No Impact Week & Acorn Bread

Recently I led the last foraging tour of the season for Green Edge NYC. We found spicebush (Lindera benzoin)

spicebushamong other delectable wild edibles. The pulp and skin can be dried separately from the seed to create two different spices (the skin/pulp is similar to allspice, the seed peppery). To be honest, I usually take the lazy route and dry them whole.

I’ll be leading foraging tours for Green Edge again starting up next spring.

Meanwhile, it’s been a great autumn so far for foraging wild edible plants and mushrooms. I’ve found maitake, puffball, and ringless honey mushrooms, those spicebush berries, and much more. Check out my friend Ellen’s incredible recent foraging haul.

The oak trees are having what is called a “mast year,” which means that they are putting out copious amounts of acorns. They are labor-intensive to prepare, requiring numerous changes of boiling water. You can cut down the labor quite a bit by only harvesting acorns from the white oak group, versus the black and red group. How to tell the difference? White oaks have rounded margins on their lobed leaves; black and red oaks have pointy lobes. The white oaks have fatter nutmeats, fewer tannins and require less processing.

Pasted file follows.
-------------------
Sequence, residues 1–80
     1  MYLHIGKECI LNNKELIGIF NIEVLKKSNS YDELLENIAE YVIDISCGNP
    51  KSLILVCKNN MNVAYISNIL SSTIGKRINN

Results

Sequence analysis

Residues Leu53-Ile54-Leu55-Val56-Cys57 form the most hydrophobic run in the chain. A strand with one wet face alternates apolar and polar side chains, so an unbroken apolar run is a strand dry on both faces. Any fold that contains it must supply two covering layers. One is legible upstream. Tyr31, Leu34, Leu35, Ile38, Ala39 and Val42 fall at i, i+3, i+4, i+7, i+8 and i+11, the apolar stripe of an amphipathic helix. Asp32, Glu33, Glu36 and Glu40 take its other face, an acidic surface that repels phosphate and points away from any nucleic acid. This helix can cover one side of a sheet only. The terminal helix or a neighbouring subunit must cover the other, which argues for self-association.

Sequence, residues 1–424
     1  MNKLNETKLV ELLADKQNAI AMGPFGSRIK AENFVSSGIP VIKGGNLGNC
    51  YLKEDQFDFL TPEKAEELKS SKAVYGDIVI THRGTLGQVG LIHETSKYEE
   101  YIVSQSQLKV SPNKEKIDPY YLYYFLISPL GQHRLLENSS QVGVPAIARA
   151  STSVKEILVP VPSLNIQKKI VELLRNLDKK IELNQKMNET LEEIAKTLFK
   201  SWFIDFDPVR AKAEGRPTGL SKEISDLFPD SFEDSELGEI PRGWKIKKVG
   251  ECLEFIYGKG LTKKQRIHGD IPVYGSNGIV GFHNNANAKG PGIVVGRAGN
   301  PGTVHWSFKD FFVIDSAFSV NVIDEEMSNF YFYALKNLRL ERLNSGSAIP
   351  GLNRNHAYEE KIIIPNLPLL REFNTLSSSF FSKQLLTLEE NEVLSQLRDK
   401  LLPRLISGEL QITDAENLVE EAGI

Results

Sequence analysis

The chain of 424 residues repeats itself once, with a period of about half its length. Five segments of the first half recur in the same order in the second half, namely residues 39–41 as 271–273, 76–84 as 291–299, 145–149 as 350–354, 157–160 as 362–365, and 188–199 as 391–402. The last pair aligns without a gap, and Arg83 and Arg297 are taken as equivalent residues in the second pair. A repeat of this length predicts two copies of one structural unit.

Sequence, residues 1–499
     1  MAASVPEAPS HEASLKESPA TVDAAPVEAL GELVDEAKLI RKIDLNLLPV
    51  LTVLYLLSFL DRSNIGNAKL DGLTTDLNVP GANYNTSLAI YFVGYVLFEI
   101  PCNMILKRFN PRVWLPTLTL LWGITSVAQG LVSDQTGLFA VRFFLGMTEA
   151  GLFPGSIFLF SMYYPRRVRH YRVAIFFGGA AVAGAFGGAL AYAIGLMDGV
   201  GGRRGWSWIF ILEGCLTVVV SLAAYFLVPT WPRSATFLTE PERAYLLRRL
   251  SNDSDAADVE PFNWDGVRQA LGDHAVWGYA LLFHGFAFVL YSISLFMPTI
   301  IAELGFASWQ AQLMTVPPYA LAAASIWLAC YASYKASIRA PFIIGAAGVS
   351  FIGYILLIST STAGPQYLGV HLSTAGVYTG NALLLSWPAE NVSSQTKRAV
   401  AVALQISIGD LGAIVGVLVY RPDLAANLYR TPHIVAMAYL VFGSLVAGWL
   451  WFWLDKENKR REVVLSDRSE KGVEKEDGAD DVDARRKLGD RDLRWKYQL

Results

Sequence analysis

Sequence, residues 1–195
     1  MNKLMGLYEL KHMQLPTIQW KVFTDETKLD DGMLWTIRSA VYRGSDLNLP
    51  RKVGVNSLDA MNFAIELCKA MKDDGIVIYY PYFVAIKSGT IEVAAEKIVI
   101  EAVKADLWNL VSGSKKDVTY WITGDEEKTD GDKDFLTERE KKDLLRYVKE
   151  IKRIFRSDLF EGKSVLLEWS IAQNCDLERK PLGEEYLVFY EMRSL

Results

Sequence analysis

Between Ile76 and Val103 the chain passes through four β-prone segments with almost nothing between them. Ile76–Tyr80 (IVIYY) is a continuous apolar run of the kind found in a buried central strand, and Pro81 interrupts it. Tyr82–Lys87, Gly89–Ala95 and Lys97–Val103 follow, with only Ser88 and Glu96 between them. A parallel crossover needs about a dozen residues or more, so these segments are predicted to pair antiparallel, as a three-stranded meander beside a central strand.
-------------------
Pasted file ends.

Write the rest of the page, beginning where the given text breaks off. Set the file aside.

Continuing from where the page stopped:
Anyway, the basic process is similar to preparing chestnuts. Cut a slit or an X in the semi-soft shell. Boil. Peel while still hot (both acorns and chestnuts get harder to peel when cool). Keep boiling in changes of water until the water is fairly clear.

Is it worth it? Well, I once gave a sample of my acorn bread to a local gourmet foods store and they wanted to know if I was interested in going commercial. And at a recent wild edible plants tour most people came back for seconds of my acorn spicebush bread.

acornspice-bread

Yeah, I’m bragging but also saying that yes, the acorns are worth the time, especially when the trees are having a mast year like this one.

I’m on Day Four of the No Impact Experiment Week. Today is Eat Local day. That is my way of life, and not really a challenge to me, so I went back on The 250-Mile Diet on Day One last Sunday.

It’s unexpectedly fun to be back on The 250. I can’t remember why I thought I needed those non-local lemons and raisins that were on my shopping list before No Impact Week started.

Hope you’re having a great fall so far!

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Botany, Ballet, & Dinner from Scratch: A Memoir with Recipes by Leda Meredith



2 responses to “No Impact Week & Acorn Bread”

  1. acmeplant says:

    Would you please share your acorn/spicebush bread recipe?

  2. ledameredith says:

    It’s The Joy of Cooking’s nut bread recipe, but with 1 cup finely ground acorns instead of the 1 1/2 cups of chopped walnuts, and 1 teaspoon ground dried spicebush berries added.

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